This adorable little girl was used by Ireland’s state run tv station to promote the “Pfizer” Covid vaccine.

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We are not anti-vaxxers but somewhere along the line you have to call out what’s wrong and this is not just wrong, it’s disturbing…

This little girl was used by RTÉ Ireland’s National Television and Radio Broadcaster to promote the “Pfizer” Covid vaccine.

The script had her knock her toy dog out with a hammer because he wasn’t participating. She checked he was still alive then she jabbed him BANG!

No matter where you stand on Covid this helps no one.

This cannot be ethical to use children like this. Drugs and vaccines come with risks and only administered after informed consent is given. Children cannot consent. In Ireland, promotion of any drug in the media is against the law unless the Minister for Health approves it in the case of vaccination.

Ireland is to get more than 2m doses of Pfizer Covid vaccine if approved, however, Chief medical officer Dr Tony Holohan said officials needed to see reliable data made available to regulators and published in the scientific literature. “We’re hopeful but it’s certainly not a time for celebration,” he said, adding that people needed to stick to the basic public health measures.

How anyone feels its a good idea to promote an unapproved vaccine like this beggars’ belief.

The Code of Standards for Advertising and Marketing Communications in Ireland are just as compressive as anywhere else in the western world. This sort of messaging seems to way out of line and completely contrary to the standards and practices laid out by the authorities.

This is what feeds the conspiracies

If the program message was to elevate any concerns it seems to be quite counterintuitive, causing outrage on Twitter adding to a growing army concerned people and conspiracies’ many able to grow due to poor information from Government and officials.

GENERAL – MEDICINAL PRODUCTS

What laws and codes of practice govern the advertising of medicinal products in Ireland?

6.2 Is it possible to advertise prescription-only medicines to the general public? If so, what restrictions apply?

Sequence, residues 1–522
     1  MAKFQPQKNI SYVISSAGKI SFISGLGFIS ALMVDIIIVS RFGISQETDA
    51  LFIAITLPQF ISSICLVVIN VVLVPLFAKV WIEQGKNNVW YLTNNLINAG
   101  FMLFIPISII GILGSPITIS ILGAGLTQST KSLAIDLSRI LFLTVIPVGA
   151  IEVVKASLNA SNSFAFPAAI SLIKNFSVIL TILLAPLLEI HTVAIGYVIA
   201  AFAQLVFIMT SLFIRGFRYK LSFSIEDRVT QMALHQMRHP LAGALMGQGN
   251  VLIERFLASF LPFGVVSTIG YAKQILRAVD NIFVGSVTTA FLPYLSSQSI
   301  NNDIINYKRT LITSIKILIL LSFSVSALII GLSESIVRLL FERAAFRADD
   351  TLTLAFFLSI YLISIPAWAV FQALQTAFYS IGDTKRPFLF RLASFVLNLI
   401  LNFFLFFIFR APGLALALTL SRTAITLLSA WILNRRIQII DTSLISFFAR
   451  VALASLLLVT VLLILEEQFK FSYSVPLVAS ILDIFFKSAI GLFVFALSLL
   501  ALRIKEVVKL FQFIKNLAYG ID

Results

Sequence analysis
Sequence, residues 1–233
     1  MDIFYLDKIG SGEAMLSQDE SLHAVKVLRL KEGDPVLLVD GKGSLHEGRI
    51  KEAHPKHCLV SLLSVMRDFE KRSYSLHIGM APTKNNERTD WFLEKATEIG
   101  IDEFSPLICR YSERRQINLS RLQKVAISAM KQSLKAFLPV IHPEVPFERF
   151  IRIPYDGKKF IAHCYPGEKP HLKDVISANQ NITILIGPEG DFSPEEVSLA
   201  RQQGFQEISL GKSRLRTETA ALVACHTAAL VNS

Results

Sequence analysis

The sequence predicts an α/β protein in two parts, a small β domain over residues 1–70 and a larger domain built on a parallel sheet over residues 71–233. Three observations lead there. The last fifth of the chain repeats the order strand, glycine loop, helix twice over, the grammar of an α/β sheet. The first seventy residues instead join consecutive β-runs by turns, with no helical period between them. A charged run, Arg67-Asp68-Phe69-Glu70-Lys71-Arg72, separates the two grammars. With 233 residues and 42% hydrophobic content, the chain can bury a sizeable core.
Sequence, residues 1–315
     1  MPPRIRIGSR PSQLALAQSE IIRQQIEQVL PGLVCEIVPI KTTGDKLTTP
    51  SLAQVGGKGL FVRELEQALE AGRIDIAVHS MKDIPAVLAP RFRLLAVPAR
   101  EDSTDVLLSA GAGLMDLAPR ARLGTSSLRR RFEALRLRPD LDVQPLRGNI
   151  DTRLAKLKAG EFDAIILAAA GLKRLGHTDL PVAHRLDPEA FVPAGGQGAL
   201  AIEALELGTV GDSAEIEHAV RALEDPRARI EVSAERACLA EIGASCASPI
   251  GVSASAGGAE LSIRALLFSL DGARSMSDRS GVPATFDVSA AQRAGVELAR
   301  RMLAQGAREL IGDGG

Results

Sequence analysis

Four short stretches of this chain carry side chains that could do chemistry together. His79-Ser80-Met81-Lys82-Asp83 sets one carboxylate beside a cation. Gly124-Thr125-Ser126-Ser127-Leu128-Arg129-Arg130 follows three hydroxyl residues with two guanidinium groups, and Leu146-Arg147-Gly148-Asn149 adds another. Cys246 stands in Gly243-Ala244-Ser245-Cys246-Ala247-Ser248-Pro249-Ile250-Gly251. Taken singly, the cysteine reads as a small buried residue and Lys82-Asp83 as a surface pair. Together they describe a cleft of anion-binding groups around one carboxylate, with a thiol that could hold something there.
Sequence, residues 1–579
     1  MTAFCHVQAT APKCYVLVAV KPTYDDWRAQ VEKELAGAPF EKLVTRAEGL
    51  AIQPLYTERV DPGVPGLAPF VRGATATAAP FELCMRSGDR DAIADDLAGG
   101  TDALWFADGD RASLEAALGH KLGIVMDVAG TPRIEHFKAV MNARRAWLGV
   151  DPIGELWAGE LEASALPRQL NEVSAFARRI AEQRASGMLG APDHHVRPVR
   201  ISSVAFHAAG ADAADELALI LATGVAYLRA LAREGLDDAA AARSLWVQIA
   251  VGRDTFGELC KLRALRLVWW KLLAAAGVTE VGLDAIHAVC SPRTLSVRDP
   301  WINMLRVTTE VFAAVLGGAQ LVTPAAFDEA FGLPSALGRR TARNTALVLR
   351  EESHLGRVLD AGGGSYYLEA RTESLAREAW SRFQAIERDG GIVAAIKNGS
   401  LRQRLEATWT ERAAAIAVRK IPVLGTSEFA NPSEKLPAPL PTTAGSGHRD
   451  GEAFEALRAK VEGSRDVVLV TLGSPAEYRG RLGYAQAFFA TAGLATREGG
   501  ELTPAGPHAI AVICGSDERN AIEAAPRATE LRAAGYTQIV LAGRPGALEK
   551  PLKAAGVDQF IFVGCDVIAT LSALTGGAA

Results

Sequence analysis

The Regulations prohibit the advertisement of prescription-only medicines or controlled drugs which are “directed wholly or mainly at members of the general public”. This does not apply to the promotion of a vaccination campaign in respect of a vaccine or serum, provided the campaign is approved by the Minister. The BAI Code prohibits commercial communications specifically concerned with products available only on prescription. LINK

Children: For the purposes of the Code, a child is someone aged under 18.

5.6

Marketing communications addressed to children should not exploit the loyalty, credulity, vulnerability or lack of experience of children. For example:

(a) They should not be made to feel inferior or unpopular for not buying an advertised product.

(b) They should not be made to feel that they are lacking in courage, duty or loyalty if they do not buy or do not encourage others to buy a particular product.

(c) Marketing communications should not undermine the authority, responsibility or judgement of parents, guardians or other appropriate authority figures. Marketing communications should not include any appeal to children to persuade their parents or other adults to buy advertised products for them.

(d) A product that is part of a series should be clearly indicated as such and marketing communications should include the method of acquiring the series.5.7

Marketing communications addressed to children:

(a) should not feature products that are unsuitable for those children;

(b) should not exaggerate what is attainable by an ordinary child using the product and should not make it difficult to judge the actual size, characteristics and performance of any product advertised;

Many people have made complaints using the Broadcast complaints website.

Information on how to make a complaint concerning broadcast content is set out HERE

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